Under this project, educators working in the two centres have benefitted from training sessions on communication techniques, conflict resolution and arbitration, provided by Moroccan and international experts under the technical supervision of UNICEF.
Karim Hanfi, director of the Child Protection Centre that takes in girls in difficult situations spoke to us about the impact of this training on educational activities at the Centre, saying, “The training sessions have supported us in our efforts to promote discussion and arbitration in order to resolve disputes arising between the residents. In order to involve the latter, we have established a Committee consisting of girls elected by their peers, which is responsible for resolving disputes and contributes to the planning of educational and sporting activities”.
While the residents, the majority of whom were placed in the centre by a judge for their protection as a result of difficult circumstances, are divided between a range of informal and vocational courses and primary and secondary schools, the case of Hanene stands out, “When I was placed in care, I had dropped out of school, so I took the first year of informal education. The following year, I was able to join year three of primary education and I continued my studies until I passed my baccalaureate. I was pleasantly surprised when I learnt that the International University of Agadir had accepted the application for a student grant submitted by the Centre”. It is worth noting that courses at the University where Hanene has been admitted are costly, but the case put forward by centre staff and the University’s open attitude towards young people from troubled backgrounds have helped make her dream a reality. Hanene is currently studying economics and still lives at the centre, where she also works as an educational assistant.
At the child protection centre for boys, adjacent to the girls’ centre, the director, Nawel Rais, is like a mother to every child. She does not deny the challenges of raising children under difficult circumstances, but she speaks with great pride of “her boys” who have completed their vocational courses and are preparing to leave the centre for new horizons. Samir is one of them. He has spent seven years at the centre, where he has learnt a trade. In a few months, he will leave the centre for Zakoura, where he will work in a fruit processing plant. Rachida, an educator at the centre, supported Samir during his time there and has benefitted from training sessions on active, person-focused listening and techniques for supporting communication with the children, organised as part of the “Himaya” project. Having praised Samir’s qualities, she goes on to say, “Truly listening to the residents and mediating fairly to resolve disputes often produces positive results. If we show the children love and they don’t feel they are being treated unfairly, they react in a positive way”.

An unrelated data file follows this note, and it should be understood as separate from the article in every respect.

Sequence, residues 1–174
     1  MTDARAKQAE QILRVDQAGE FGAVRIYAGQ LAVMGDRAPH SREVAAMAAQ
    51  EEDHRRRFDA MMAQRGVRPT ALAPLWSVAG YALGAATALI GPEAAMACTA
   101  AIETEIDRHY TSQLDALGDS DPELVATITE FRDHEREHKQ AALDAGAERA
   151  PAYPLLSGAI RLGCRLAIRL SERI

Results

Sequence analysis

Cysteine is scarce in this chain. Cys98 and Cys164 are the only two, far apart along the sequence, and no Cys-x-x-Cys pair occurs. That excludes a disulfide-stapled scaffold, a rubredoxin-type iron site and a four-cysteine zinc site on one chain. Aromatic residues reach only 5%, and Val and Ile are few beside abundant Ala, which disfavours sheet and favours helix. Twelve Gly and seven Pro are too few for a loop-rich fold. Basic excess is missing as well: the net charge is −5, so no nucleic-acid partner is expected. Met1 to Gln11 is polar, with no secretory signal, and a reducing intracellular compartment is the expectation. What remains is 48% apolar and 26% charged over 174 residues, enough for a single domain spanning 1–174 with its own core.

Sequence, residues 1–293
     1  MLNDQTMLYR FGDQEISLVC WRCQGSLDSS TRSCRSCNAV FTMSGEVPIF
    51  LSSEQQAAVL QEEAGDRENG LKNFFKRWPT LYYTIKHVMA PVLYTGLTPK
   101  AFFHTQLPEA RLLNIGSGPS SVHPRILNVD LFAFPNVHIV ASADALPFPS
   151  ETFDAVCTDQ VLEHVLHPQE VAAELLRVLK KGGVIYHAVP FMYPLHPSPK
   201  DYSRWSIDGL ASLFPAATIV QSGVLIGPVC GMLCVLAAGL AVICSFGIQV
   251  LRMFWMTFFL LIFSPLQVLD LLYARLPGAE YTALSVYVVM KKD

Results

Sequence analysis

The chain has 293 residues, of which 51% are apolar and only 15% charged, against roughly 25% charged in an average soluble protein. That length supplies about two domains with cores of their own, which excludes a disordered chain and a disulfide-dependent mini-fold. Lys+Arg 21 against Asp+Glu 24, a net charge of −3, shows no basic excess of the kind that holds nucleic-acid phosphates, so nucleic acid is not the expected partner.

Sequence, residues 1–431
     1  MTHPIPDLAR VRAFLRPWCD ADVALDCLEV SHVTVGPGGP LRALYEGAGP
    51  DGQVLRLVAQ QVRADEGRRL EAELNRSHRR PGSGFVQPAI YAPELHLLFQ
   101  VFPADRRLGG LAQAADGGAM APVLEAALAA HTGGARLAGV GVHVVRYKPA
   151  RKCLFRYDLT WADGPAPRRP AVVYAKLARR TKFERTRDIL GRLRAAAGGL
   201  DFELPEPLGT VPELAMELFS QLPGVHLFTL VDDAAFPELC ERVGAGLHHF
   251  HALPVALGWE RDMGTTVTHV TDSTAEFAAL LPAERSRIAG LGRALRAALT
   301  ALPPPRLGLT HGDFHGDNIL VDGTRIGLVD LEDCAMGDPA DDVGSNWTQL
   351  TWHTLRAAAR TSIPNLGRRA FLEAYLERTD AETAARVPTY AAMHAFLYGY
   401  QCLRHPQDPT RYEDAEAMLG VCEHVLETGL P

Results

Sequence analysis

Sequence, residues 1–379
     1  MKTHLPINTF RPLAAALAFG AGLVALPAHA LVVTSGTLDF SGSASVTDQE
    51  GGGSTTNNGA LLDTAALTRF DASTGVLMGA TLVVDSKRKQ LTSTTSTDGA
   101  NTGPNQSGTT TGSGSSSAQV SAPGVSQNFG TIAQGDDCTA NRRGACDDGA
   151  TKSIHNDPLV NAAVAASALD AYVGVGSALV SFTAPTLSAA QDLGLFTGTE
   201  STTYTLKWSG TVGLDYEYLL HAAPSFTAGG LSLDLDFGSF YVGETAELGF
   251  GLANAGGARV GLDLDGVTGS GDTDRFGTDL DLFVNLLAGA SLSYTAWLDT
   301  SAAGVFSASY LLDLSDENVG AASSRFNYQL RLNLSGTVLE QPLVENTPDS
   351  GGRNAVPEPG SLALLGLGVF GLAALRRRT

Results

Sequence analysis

The “Bayti” association for young people in difficult circumstances is the third partner of the “Himaya” project. Since it was founded in 1995, it has taken in almost 18,000 children and its centre in Casablanca welcomes an average of 500 disadvantaged children every day. “Bayti” chose to participate in the “Himaya” project principally through the plays that it uses as a means of pleading in favour of alternatives to custodial sentences in the case of minors. Indeed, a theatre troupe consisting of “Bayti” residents is currently rehearsing for a play that they will perform before judges and officials from the justice sector. Yamna Taltit, a leader at “Bayti” gives us a summary of the play, which tells the story of a police officer who arrests a child in the street and takes him to court. When the judge decides to place him in a child protection centre, the child shouts: “No, no, it’s against the International Convention on the Rights of the Child”. With this play, the children send a strong message to the decision makers: children should not be institutionalised.